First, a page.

Preparation, isolation, and characterization of glycosides based standardized fenugreek seed extract

SFSE-G was prepared and characterized from the hydroalcoholic extract of fenugreek seeds as previously reported.[28] Two peaks namely Peak A (trigoneoside Ib) (76%), and Peak B (vicenin-1) (15%) were observed in high-performance liquid chromatography at RT = 2.2 min and 3.2 min, respectively. The corresponding compounds were isolated and characterized using thin layer chromatography,1 H- and 13 C-NMR analysis.

Chemicals, and kits

BLM was purchased from Biochem Pharmaceutical Industries Limited, India. All other chemicals were purchased from S.D. Fine Chemicals, Mumbai, India, and LobaChemi Pvt. Ltd., Mumbai, India. Total RNA extraction kit and one-step reverse transcription polymerase chain reaction (RT-PCR) kit was purchased from MP Biomedicals India Private Limited, India.

Induction of liver fibrosis and drug treatment

After an overnight fasting, fibrosis was induced by intratracheal administration of BLM hydrochloride (6 IU/kg in 0.9% NaCl) under anesthesia with 60 mg/kg ketamine hydrochloride and 5 mg/kg xylazine.[29],[30] The rats in the normal and sham control group were subjected to the same procedure, but BLM was substituted by saline. The rats were randomly divided into following groups (n = 12) as follows:

  • Group I: Normal group: Rats did not undergo any surgery and did not receive BLM. They were administered a single daily dose of distilled water (10 mg/kg), p.o. for 28 days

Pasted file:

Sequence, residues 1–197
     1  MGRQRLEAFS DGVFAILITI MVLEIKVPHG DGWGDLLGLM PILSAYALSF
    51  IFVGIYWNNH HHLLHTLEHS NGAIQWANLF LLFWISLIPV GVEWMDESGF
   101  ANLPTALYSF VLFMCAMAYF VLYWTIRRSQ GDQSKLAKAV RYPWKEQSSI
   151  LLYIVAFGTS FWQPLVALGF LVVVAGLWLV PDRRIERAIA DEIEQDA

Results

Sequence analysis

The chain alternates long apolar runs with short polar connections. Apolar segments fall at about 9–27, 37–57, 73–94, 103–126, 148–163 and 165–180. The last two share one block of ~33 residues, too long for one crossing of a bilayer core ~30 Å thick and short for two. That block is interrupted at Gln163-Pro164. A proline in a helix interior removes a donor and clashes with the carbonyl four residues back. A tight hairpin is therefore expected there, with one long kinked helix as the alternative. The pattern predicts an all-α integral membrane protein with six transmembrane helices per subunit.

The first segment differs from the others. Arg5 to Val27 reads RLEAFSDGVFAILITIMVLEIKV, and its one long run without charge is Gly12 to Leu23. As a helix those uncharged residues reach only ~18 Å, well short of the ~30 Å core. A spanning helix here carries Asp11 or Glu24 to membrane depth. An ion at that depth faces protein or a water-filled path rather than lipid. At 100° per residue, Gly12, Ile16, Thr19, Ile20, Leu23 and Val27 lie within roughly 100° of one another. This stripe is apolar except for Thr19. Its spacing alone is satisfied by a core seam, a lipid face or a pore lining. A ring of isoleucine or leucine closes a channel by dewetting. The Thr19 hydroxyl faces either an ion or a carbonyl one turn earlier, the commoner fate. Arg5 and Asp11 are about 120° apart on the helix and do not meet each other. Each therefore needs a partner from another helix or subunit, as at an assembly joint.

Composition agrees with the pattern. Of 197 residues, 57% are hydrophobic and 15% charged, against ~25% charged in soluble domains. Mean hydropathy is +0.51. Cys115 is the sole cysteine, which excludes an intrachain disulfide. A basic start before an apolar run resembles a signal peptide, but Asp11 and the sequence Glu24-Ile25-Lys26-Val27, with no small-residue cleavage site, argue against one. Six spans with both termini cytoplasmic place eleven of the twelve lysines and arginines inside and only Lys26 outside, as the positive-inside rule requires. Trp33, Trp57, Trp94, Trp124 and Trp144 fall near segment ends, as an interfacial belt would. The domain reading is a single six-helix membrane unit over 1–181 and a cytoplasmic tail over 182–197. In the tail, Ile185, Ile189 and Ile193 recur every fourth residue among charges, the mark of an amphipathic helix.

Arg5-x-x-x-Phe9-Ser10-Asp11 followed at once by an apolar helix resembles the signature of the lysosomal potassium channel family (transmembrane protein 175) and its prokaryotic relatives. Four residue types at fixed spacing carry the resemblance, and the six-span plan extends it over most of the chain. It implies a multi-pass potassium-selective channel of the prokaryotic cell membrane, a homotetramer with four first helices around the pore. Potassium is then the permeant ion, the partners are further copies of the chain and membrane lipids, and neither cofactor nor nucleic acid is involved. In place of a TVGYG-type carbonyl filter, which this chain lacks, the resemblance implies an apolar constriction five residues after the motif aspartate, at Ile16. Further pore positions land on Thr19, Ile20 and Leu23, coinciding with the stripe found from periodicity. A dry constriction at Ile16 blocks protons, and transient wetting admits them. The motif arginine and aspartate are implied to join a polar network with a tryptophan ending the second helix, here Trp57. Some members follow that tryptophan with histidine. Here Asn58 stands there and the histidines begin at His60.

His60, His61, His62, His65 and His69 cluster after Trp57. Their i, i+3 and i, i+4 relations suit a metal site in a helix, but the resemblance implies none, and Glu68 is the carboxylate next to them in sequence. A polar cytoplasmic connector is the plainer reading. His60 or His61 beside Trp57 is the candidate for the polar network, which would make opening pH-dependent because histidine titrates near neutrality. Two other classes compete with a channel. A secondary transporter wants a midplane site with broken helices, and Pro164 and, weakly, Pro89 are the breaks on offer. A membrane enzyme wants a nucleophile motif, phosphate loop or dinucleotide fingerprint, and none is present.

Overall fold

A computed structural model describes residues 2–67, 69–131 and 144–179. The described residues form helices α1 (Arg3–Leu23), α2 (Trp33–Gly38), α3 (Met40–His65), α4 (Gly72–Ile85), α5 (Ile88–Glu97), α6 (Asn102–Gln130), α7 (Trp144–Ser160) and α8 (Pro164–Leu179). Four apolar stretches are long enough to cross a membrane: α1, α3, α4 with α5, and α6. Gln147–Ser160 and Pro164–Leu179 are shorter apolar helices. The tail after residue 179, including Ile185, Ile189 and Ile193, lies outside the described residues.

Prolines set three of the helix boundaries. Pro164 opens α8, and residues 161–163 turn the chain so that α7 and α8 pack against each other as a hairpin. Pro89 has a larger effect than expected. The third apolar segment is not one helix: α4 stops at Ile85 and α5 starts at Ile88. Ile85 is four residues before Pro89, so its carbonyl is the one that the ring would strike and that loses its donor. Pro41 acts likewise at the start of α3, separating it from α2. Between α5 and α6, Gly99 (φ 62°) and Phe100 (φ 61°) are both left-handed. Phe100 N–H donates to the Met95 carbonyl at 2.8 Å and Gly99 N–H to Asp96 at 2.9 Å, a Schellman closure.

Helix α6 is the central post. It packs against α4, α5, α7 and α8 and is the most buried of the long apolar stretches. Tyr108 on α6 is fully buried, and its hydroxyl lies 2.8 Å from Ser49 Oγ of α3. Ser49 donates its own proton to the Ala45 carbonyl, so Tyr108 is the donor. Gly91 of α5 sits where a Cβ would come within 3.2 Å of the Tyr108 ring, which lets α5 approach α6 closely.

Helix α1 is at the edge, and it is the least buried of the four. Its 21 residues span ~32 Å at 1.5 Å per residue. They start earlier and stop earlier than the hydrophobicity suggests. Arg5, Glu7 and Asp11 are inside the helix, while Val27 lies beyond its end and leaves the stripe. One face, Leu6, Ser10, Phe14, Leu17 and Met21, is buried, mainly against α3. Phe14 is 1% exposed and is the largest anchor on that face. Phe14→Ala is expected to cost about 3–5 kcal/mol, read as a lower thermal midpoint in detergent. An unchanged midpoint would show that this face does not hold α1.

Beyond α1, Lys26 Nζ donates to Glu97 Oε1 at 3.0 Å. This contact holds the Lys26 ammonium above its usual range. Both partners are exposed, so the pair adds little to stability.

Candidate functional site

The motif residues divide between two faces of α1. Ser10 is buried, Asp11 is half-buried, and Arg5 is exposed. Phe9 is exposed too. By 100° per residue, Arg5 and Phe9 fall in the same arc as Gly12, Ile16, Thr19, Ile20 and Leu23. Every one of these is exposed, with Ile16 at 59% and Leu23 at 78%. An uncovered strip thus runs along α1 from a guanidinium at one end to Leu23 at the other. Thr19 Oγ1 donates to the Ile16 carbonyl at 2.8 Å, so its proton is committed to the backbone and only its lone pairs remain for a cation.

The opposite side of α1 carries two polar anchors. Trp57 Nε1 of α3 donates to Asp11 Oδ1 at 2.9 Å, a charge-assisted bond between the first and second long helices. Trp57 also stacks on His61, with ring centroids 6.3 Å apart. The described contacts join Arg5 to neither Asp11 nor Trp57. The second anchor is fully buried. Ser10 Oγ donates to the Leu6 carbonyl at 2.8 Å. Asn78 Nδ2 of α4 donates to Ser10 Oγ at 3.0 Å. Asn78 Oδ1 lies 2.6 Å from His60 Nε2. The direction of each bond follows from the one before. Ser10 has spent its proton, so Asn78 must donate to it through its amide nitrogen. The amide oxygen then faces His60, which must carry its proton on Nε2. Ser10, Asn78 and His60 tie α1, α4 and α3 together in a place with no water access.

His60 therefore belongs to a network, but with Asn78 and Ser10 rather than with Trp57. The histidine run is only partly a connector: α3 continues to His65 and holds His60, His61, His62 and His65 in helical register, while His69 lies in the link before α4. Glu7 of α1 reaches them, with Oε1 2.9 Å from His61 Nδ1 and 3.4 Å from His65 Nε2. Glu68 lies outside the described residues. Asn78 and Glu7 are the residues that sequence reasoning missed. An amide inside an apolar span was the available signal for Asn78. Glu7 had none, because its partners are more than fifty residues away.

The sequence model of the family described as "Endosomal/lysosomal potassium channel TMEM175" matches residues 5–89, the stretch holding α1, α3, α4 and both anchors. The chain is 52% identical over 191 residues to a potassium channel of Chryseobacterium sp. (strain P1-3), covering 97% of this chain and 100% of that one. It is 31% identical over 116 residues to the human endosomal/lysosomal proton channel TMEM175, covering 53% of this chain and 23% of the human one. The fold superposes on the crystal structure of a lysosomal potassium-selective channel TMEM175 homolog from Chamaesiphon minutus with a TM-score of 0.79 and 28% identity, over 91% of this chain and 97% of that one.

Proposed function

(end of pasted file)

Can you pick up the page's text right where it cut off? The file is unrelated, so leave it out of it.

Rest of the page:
• Group II: Sham control group: Rats were undergone surgery and received saline. They were administered a single daily dose of distilled water (10 mg/kg), p.o. for 28 days
  • Group III: BLM control group: Rats were undergone surgery and received the intratracheal administration of BLM. They were administered a single daily dose of distilled water (10 mg/kg), p.o. for 28 days
  • Group IV: Methylprednisolone (10 mg/kg) treated group: (MP [10]): Rats were undergone surgery and receive the intratracheal administration of BLM. They were administered a single daily dose of methylprednisolone (10 mg/kg), p.o. for 28 days
  • Group V: Sildenafil (25 mg/kg) treated group: (Sild [25]): Rats were undergone surgery and received the intratracheal administration of BLM. They were administered a single daily dose of Sildenafil (25 mg/kg), p.o. for 28 days
  • Group VI: SFSE-G (5 mg/kg) treated group: [SFSE-G (5)]: Rats were undergone surgery and receive the intratracheal administration of BLM. They were administered a single daily dose of SFSE-G (5 mg/kg), p.o. for 28 days
  • Group VII: SFSE-G (10 mg/kg) treated group: (SFSE-G [10]): Rats were undergone surgery and receive the intratracheal administration of BLM. They were administered a single daily dose of SFSE-G (10 mg/kg), p.o. for 28 days
  • Group VIII: SFSE-G (20 mg/kg) treated group: (SFSE-G [20]): Rats were undergone surgery and receive the intratracheal administration of BLM. They were administered a single daily dose of SFSE-G (20 mg/kg), p.o. for 28 days
  • Group IX: SFSE-G (40 mg/kg) treated group: (SFSE-G [40]): Rats were undergone surgery and receive the intratracheal administration of BLM. They were administered a single daily dose of SFSE-G (40 mg/kg), p.o. for 28 days.


The doses of SFSE-G were selected on the basis of reported sub-AOT study (repeated dose 28 days),[28] whereas a dose of methylprednisolone (10 mg/kg), and sildenafil (25 mg/kg) were based on previously reported methods.[31],[32] Vehicle or SFSE-G or methylprednisolone or sildenafil were given after the administration of BLM and the treatment was continued for 28 consecutive days.

Serum biochemistry